Sunday, October 24 2021

The Houston Rockets and five-time All-Star John Wall have agreed to part ways, which is understandable since a 31-year-old veteran isn’t an ideal fit for a clear rebuilding scenario. But it’s the terms of the final breakup that remain problematic to both the player and team.

With a contract that calls for Wall to be paid nearly $92 million over the next two seasons, Wall is widely viewed by most NBA observers as having negative trade value in 2021. In other words, for it to be worth it to another team to accept that bloated contract, the Rockets would need to incentivize them by attaching something else to Wall — such as first-round draft assets — to make it worth their while. While Wall remains a good player, he’s no longer the All-Star that he was when the deal was signed, and he’s also had numerous health issues in recent years.

Yet, from Houston’s perspective, it isn’t logical to include draft assets just to offload Wall immediately — since draft picks are crucial to general manager Rafael Stone’s rebuilding plan. Moreover, the Rockets reportedly aren’t interested in taking back longer-term salaries, because they could be in position to have lots of cap room once Wall’s contract expires in 2023. But a contract buyout in 2021 also doesn’t make sense, both from the perspective of the huge price tag left on Wall’s deal and the hope that Wall might have more trade value in 2022 when other teams would not have nearly as much of a financial commitment.

So, for the time being, Wall and the Rockets are in a holding pattern. As veteran ESPN reporter Tim MacMahon sees it, the most likely outcome is that it stays that way until a buyout agreement for Wall’s contract can be reached in the 2022 offseason. Here’s what MacMahon told colleague Zach Lowe on the latest episode of The Lowe Post podcast:

My guess is that there ends up being a buyout next summer. The Rockets don’t want to entertain buyout discussions right now, and I don’t think John Wall wants to. If there’s going to be an agreement this year, he’s going to have to give back a lot of money to make that happen. My guess is it would be significantly more than what Blake Griffin gave back ($13.3 million) to get out of Detroit.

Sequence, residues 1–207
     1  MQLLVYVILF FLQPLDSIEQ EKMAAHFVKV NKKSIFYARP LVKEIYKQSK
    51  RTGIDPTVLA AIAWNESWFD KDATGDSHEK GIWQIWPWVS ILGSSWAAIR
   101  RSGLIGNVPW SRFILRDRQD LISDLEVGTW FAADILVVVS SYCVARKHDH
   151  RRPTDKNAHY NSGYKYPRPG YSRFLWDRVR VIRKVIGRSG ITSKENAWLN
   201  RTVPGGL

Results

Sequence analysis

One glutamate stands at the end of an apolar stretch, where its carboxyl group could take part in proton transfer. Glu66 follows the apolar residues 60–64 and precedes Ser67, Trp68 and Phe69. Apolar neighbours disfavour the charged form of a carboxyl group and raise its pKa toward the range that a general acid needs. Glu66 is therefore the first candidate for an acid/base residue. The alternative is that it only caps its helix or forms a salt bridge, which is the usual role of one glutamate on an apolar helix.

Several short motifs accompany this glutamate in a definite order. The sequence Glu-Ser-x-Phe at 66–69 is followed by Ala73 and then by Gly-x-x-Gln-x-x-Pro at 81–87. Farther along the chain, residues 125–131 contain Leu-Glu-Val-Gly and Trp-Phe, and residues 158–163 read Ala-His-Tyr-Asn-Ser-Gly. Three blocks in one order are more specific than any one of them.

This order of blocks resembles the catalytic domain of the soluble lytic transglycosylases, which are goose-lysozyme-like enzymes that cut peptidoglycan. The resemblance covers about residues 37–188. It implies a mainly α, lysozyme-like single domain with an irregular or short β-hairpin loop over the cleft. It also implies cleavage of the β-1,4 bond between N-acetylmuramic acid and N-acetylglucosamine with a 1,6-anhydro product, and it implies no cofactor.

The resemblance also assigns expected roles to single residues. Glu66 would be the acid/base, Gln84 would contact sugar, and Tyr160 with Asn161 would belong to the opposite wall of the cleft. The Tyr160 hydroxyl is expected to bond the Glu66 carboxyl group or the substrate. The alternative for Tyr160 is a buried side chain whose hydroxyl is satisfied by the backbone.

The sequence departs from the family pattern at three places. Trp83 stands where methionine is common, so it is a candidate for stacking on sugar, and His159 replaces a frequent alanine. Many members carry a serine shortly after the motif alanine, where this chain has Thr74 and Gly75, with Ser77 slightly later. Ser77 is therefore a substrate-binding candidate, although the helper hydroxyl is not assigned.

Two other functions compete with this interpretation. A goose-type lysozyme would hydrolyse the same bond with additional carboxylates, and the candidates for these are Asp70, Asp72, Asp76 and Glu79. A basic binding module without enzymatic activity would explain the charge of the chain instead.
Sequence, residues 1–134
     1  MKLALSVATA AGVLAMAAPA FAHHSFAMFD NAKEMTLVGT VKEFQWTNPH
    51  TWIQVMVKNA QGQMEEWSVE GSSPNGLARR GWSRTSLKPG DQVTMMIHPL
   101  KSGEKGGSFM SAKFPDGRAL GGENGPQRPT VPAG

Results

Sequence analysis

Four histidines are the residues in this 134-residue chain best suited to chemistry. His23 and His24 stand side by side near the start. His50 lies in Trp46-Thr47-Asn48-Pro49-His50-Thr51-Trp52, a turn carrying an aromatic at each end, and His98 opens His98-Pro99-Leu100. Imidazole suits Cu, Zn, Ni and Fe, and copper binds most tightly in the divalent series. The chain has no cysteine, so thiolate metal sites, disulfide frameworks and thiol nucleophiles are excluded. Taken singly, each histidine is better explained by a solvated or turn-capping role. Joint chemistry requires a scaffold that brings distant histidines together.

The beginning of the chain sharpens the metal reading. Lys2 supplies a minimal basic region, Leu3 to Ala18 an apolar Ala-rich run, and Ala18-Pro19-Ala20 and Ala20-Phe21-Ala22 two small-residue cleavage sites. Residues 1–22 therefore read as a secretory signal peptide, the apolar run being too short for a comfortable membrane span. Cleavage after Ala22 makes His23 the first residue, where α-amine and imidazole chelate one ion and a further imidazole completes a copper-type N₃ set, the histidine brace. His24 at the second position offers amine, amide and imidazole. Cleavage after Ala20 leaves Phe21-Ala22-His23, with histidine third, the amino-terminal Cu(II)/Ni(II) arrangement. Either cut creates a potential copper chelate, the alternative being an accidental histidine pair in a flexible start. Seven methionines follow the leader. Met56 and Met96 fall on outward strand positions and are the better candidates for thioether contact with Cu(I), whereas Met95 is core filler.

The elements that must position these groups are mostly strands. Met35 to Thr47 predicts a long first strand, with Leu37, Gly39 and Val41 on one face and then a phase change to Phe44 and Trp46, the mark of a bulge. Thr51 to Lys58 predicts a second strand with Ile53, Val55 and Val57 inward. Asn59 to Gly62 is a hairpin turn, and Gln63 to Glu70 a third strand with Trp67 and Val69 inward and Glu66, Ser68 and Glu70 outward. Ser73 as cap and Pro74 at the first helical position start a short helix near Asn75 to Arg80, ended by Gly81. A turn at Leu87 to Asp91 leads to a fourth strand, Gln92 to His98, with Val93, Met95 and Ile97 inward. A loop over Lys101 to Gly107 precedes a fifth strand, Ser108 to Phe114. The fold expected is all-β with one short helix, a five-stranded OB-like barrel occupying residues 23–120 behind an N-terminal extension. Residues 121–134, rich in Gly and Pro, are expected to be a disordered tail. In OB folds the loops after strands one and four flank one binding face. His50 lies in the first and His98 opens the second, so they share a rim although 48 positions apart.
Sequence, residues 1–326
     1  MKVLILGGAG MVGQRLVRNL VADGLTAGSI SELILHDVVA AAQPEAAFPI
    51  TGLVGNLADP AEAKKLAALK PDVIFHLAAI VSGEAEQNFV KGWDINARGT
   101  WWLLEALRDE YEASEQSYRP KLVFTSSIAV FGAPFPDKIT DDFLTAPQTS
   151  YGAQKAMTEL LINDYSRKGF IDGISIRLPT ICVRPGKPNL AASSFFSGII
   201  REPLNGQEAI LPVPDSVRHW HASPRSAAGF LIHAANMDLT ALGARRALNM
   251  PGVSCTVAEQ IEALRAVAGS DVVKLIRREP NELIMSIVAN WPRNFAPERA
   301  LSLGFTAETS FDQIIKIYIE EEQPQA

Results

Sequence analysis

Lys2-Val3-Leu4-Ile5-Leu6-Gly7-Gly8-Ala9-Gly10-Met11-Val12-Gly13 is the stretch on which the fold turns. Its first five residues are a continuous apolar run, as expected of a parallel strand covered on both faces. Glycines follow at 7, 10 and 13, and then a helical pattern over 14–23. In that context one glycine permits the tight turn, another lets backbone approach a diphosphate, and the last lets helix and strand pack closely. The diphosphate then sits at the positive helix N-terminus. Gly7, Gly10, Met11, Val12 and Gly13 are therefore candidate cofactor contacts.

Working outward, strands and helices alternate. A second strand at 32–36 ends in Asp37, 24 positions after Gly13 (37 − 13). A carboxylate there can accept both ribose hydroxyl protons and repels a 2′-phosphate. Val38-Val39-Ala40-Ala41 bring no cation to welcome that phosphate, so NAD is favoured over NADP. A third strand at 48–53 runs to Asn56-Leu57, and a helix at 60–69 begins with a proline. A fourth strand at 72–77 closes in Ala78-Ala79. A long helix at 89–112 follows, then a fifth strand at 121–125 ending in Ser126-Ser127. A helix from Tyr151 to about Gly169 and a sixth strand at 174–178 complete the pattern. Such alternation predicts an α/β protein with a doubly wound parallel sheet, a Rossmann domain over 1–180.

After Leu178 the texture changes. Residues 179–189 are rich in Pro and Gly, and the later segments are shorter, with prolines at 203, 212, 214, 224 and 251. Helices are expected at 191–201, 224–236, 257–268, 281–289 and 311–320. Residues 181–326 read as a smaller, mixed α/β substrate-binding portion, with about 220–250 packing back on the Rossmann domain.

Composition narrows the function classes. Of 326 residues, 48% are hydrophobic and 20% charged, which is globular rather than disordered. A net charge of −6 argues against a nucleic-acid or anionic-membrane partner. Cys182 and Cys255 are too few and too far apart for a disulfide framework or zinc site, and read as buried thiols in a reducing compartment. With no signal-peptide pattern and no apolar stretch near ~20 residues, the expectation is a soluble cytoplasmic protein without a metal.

It’s hard to look at this right now and say there’s a deal that makes sense and would get John Wall to another team, to where he could play this year.

A 2022 buyout isn’t inevitable, since current circumstances could change. For example, an injury to a point guard during the upcoming season might push some team to become a more aggressive suitor. It’s also possible that rival owners and general managers gradually become more open to spending on Wall, once his contract has less guaranteed money.

But even if that happens, being able to execute a trade is far from a given, considering Houston’s reluctance to accept salaries that extend beyond Wall’s 2023 expiration date. With most NBA teams above the salary cap and needing to send out nearly as much money in trades as they take in, matching Wall’s $44.3-million contract for next season without including contracts beyond 2022-23 could be tough to pull off.

Finally, it’s conceivable that Wall could become desperate enough to play next season that he decides to give back significantly more money to the Rockets in a buyout. But that doesn’t seem to be his position at the moment, since Wall and the Rockets are reportedly on the same page regarding the plan to keep him on Houston’s roster for the foreseeable future (and around the team at training camp) but out of games.

Thus, the most reasonable scenario that doesn’t require Wall, the Rockets, or another NBA team to deviate significantly from the status quo is a contract buyout in 2022. While far from a guarantee, that looks to be the clubhouse leader at this time for the most probable outcome.

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Source: Yahoo Sports

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